Warm the holidays with boilo, a favorite of coal miners in eastern Pennsylvania
Earlier this month, HangoverCure.org surveyed 1,000 drinkers and came up with a list of iconic state drinks. The answer in Pennsylvania turned out to be a bit of a mystery, at least on the western side of the state: boilo.
So what is it?
“Here in the anthracite region, boilo is called ‘the champagne of the coal crackers,’ ” said Paul Kennedy, president of the Schuylkill County Fair and part of the panel that judges the fair’s annual boilo contest.
Boilo is a traditional Christmas drink popular among immigrant coal workers in the state’s anthracite coal region — primarily Carbon, Columbia, Lackawanna, Luzerne, Northumberland and Schuylkill counties in northeast Pennsylvania — and its origins can be traced to eastern Europe.
The drink itself is made with oranges, lemons, honey, whiskey and a variety of spices, including cinnamon, nutmeg, cloves, caraway seeds and star anise.
“In its true form, it’s from eastern Europe,” Kennedy said. “We have a very big Ukrainian and Lithuanian population. I’m Roman Catholic but I was adopted into a Lithuanian Catholic church, and boilo was absolutely part of the traditions there.”
There are several varieties that can be entered into the fair’s contest, with the traditional style taking on a very citrus-y taste. Traditional boilo must also be made using whiskey or, at one time (and possibly still today in some places), moonshine.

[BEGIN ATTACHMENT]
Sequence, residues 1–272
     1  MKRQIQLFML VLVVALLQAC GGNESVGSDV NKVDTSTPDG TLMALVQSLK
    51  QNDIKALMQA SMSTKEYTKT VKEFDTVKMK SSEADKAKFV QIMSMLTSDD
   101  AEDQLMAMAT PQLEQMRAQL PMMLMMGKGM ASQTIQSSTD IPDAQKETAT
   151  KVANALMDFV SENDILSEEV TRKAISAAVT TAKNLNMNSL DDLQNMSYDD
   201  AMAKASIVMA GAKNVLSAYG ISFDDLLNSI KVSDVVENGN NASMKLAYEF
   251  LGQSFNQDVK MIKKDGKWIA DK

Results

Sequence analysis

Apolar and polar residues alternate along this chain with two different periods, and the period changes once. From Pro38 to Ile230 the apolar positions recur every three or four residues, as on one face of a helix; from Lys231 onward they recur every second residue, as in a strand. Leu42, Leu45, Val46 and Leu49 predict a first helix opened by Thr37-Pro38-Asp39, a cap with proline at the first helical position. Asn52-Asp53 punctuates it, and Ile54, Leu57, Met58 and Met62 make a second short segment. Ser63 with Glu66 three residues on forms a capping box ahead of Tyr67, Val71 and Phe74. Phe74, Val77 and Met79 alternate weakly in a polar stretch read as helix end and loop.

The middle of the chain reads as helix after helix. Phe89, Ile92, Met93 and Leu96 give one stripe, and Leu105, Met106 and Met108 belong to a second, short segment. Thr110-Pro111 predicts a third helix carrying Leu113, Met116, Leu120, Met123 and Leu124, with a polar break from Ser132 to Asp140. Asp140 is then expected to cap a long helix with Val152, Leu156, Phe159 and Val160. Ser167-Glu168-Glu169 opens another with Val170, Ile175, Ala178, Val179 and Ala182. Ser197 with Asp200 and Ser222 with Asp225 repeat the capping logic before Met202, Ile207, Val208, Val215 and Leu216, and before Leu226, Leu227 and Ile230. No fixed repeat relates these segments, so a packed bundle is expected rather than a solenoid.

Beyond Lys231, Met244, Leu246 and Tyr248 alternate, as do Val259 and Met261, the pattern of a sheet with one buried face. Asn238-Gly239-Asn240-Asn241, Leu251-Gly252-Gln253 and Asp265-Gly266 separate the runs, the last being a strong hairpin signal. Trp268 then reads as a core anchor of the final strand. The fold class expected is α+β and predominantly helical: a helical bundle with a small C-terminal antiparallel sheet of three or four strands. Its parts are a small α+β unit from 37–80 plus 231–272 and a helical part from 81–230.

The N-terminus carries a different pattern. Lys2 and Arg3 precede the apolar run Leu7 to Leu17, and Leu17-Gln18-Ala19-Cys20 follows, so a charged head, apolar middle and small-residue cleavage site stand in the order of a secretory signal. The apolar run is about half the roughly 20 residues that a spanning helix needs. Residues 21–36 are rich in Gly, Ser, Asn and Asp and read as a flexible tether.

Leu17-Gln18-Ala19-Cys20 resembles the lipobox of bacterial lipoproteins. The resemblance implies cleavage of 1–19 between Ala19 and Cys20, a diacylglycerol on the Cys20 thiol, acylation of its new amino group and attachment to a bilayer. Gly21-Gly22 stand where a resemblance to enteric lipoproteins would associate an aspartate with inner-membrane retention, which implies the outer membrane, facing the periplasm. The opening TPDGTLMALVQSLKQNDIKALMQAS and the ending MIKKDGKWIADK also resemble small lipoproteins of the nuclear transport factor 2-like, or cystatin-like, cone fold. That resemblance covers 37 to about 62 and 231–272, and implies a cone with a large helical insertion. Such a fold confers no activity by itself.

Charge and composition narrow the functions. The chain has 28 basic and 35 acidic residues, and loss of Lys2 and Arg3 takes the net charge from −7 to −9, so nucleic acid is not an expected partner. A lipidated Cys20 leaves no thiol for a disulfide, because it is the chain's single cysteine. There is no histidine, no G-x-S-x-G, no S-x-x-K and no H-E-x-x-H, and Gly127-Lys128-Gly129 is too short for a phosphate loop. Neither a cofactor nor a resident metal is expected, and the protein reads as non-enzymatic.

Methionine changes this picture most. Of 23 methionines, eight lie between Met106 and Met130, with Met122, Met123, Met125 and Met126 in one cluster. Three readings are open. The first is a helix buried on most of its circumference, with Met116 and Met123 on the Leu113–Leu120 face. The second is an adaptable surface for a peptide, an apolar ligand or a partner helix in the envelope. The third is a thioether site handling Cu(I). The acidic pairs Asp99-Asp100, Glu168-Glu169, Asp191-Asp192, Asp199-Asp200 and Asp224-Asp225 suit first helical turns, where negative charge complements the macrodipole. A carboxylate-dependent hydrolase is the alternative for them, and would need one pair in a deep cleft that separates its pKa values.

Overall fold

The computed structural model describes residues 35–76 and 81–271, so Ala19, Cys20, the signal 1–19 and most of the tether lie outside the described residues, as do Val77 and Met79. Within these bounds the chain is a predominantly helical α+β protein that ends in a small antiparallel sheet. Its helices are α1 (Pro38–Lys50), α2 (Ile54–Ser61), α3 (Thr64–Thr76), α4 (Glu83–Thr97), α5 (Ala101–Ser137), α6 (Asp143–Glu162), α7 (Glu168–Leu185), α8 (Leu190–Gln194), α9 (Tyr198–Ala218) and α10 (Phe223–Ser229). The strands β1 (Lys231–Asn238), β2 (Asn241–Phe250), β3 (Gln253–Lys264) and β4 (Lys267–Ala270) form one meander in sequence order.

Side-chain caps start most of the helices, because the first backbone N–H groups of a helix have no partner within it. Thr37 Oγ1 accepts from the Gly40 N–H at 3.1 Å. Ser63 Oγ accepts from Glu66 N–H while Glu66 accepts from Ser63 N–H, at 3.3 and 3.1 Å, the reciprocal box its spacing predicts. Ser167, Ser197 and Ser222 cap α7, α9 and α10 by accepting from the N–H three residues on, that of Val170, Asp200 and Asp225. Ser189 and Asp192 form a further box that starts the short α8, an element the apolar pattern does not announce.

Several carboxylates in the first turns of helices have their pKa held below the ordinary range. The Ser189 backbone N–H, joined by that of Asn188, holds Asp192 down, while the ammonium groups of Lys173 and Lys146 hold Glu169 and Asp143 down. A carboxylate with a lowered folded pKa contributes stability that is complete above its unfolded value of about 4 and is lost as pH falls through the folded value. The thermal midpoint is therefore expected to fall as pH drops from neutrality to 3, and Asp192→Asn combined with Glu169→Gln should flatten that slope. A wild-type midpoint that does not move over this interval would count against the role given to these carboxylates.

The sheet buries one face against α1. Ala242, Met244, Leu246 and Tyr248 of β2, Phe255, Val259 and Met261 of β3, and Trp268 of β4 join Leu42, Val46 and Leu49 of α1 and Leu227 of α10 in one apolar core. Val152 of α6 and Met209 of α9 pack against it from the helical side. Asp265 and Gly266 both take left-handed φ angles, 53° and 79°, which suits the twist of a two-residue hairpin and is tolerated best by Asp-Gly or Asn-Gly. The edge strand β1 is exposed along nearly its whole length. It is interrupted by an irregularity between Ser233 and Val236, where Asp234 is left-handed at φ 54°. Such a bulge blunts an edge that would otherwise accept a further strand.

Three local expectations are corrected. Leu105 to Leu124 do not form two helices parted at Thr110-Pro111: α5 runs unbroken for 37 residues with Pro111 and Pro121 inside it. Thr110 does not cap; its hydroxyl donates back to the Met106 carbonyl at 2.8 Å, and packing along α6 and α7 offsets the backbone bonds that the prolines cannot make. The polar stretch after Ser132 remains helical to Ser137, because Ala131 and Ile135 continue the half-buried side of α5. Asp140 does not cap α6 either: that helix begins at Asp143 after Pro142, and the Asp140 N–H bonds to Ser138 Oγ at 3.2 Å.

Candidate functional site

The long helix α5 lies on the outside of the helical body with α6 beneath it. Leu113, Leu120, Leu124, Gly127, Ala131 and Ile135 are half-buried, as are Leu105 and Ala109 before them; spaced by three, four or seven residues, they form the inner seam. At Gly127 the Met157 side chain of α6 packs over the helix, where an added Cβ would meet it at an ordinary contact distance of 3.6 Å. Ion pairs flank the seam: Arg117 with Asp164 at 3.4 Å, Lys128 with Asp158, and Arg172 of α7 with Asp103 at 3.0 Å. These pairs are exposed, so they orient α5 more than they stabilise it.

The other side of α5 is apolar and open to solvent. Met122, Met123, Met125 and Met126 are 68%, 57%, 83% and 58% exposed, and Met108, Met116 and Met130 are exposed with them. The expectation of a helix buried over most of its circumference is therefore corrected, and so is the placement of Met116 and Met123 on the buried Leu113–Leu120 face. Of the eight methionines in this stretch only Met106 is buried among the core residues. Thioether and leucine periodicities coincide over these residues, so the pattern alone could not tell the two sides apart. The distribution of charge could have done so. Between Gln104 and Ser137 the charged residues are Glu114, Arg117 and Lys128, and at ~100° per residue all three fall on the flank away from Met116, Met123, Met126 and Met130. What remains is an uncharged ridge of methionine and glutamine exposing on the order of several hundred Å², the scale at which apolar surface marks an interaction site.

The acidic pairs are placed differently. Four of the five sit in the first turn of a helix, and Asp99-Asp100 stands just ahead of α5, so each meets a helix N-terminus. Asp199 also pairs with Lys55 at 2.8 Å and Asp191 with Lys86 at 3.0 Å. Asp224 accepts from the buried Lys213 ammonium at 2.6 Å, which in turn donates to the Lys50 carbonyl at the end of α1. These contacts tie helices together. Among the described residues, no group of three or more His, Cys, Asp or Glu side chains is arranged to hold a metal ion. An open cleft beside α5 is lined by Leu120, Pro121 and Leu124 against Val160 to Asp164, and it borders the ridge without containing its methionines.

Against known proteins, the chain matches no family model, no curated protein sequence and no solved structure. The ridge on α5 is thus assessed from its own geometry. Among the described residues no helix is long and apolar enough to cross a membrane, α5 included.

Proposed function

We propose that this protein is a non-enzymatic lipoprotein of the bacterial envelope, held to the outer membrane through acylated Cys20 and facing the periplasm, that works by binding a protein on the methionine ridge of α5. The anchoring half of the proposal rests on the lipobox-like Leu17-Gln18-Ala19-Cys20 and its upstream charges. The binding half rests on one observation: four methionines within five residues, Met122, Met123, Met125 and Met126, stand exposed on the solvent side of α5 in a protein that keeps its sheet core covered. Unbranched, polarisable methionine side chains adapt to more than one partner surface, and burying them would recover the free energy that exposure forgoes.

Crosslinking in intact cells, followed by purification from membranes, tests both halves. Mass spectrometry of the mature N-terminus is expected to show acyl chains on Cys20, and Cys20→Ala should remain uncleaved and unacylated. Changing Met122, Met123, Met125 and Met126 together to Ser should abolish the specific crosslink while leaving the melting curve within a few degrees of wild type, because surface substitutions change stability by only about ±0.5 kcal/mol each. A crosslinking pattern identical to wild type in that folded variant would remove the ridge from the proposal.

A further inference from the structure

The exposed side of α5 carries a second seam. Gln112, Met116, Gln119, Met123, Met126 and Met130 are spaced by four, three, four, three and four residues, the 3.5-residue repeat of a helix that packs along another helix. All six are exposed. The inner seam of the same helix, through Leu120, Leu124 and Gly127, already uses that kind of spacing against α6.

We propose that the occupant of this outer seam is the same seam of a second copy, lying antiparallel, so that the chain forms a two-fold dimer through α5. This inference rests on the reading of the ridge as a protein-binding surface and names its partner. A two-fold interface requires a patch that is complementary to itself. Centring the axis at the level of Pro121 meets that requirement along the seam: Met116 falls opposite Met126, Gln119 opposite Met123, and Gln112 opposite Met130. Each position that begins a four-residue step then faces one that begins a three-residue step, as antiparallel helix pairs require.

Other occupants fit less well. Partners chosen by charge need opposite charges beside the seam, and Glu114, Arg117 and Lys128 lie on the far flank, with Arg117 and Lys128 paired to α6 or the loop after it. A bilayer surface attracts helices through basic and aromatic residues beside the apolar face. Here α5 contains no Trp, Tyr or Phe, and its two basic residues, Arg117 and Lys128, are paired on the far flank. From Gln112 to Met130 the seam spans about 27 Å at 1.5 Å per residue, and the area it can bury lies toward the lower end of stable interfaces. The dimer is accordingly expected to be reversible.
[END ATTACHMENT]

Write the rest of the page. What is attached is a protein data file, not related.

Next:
“The local state stores sell more Four Queens Whiskey in Schuylkill County than anywhere else,” Kennedy said of the locally favored whiskey base. “It’s not something you’d usually drink straight. It’s about $9 a bottle.”
Another style, apple pie boilo, is made using a clear grain alcohol as the base, and nontraditional boilo is a bit of an “anything goes” situation.
“One of the boilos I make is a peach boilo and, technically, it’s not a boilo at all, but the process is very similar,” Kennedy said. “At the contest, we’ve had a root beer one, and we’ve had all kinds of berry boilos, including a blueberry one that was very interesting.”
Kennedy has made boilo over an outdoor coal fire in the winter and in a hotel room using a slow cooker.
The important thing is to boil everything but the alcohol beforehand, “and then as it cools off, you add your liquor,” Kennedy said.
Boilo is mostly a social drink. Kennedy said he recalls attending holiday tree-lighting ceremonies as a child and walking up to one of the many folks handing out drinks from a Thermos.
“I’d go up to ask for some hot chocolate, and I’d be told, ‘No, no, no, that’s not what this is,’ ” he said.
While it may not be nearly as familiar to Western Pennsylvanians, for Kennedy and residents of the anthracite coal region, it’s as familiar as eggnog among Christmas traditions, which is why it has a place at the county fair.
“We celebrate it along with everything that’s part of Schuylkill County,” he said.
Patrick Varine is a Tribune-Review staff writer. You can contact Patrick at 724-850-2862, [email protected] or via Twitter .